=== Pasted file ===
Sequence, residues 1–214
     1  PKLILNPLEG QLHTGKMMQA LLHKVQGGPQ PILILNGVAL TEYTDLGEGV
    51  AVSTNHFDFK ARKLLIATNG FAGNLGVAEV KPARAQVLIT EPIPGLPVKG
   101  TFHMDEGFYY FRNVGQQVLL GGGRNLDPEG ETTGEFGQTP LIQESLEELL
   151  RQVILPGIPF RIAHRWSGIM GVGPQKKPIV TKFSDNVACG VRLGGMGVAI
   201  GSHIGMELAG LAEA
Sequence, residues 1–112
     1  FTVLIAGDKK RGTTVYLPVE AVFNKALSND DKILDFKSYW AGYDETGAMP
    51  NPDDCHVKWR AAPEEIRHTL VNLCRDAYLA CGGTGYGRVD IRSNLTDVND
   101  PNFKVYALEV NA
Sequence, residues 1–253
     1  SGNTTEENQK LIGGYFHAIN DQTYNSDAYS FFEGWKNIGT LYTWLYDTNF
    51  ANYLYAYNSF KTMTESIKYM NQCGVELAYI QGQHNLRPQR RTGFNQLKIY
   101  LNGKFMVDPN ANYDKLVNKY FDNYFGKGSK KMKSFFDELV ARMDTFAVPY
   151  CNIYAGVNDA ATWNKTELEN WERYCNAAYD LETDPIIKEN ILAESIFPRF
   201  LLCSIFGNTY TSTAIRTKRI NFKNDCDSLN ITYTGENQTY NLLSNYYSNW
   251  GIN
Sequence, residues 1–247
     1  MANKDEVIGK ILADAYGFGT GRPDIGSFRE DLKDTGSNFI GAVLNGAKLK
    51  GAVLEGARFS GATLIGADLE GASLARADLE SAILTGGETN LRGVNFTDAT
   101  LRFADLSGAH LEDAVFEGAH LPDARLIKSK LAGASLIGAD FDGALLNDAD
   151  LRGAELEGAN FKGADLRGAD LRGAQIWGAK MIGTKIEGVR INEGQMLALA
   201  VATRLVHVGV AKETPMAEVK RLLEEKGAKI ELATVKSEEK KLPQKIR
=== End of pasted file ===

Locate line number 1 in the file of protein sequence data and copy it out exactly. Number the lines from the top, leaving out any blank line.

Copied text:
Sequence, residues 1–214